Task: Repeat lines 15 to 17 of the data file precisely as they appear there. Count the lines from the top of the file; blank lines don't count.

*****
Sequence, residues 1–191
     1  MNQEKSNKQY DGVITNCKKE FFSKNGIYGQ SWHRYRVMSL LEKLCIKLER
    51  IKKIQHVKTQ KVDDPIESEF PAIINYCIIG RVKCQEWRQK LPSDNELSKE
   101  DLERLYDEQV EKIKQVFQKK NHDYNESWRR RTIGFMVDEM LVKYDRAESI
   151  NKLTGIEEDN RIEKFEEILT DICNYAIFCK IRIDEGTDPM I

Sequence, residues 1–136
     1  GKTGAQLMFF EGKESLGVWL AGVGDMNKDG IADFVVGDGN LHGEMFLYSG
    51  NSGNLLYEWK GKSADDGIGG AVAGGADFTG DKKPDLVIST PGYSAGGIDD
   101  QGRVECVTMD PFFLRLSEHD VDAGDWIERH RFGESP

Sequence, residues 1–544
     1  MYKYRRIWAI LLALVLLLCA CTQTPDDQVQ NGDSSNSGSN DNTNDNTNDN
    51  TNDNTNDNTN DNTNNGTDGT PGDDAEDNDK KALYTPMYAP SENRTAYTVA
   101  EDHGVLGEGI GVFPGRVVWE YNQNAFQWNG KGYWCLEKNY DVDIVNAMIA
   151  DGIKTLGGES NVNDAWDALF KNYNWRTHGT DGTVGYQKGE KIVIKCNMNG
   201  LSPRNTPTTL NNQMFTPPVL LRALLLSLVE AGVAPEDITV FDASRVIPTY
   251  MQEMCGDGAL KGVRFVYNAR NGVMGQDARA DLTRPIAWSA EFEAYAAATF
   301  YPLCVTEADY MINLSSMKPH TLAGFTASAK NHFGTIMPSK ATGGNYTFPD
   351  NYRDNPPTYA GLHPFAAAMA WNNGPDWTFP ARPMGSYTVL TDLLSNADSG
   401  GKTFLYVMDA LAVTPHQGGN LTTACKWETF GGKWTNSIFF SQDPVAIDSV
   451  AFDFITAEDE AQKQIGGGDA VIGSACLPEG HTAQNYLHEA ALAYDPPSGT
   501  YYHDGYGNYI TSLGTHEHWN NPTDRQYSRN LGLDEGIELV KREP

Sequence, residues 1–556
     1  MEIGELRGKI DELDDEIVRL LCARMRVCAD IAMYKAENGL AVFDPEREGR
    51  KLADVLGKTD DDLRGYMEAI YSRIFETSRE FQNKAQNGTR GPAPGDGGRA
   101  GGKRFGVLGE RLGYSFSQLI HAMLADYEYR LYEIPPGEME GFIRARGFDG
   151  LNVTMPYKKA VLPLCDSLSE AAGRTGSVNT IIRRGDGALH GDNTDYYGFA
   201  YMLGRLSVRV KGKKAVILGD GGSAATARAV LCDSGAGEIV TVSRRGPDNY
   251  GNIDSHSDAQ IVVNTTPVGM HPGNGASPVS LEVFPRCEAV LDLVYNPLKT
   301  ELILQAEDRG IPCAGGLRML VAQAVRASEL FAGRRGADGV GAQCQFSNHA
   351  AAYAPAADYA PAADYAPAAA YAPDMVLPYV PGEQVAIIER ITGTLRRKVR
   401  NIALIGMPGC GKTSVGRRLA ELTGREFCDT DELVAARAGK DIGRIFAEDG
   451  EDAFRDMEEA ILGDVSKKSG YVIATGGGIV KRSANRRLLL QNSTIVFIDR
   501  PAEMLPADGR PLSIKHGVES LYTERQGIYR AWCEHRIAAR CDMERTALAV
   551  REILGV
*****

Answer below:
   201  LSPRNTPTTL NNQMFTPPVL LRALLLSLVE AGVAPEDITV FDASRVIPTY
   251  MQEMCGDGAL KGVRFVYNAR NGVMGQDARA DLTRPIAWSA EFEAYAAATF
   301  YPLCVTEADY MINLSSMKPH TLAGFTASAK NHFGTIMPSK ATGGNYTFPD